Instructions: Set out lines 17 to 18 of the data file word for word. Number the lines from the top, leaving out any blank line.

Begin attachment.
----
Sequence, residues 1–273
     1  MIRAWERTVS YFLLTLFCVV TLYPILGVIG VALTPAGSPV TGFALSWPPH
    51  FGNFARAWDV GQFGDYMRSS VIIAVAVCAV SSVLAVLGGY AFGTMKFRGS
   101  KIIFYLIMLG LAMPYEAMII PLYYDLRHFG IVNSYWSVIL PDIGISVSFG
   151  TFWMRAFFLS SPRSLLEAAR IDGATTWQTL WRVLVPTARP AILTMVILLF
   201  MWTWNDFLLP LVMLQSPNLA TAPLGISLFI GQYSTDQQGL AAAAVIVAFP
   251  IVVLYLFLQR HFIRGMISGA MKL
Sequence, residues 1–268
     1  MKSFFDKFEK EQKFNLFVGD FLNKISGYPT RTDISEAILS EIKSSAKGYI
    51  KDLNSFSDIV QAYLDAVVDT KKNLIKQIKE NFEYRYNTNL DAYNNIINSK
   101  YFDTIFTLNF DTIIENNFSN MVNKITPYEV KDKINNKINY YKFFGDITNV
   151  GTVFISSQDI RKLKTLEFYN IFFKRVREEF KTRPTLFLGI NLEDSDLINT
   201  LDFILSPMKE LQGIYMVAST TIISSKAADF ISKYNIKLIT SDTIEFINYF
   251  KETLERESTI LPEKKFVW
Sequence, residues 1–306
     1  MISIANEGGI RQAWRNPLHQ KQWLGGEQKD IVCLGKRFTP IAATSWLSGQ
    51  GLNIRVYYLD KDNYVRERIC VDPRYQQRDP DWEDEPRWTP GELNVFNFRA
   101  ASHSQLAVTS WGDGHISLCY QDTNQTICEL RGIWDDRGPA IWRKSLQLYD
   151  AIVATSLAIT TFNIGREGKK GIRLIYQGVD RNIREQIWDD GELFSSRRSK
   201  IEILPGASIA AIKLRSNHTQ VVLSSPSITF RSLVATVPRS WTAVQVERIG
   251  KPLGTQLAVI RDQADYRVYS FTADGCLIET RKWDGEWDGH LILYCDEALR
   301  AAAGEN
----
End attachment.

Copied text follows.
    51  GLNIRVYYLD KDNYVRERIC VDPRYQQRDP DWEDEPRWTP GELNVFNFRA
   101  ASHSQLAVTS WGDGHISLCY QDTNQTICEL RGIWDDRGPA IWRKSLQLYD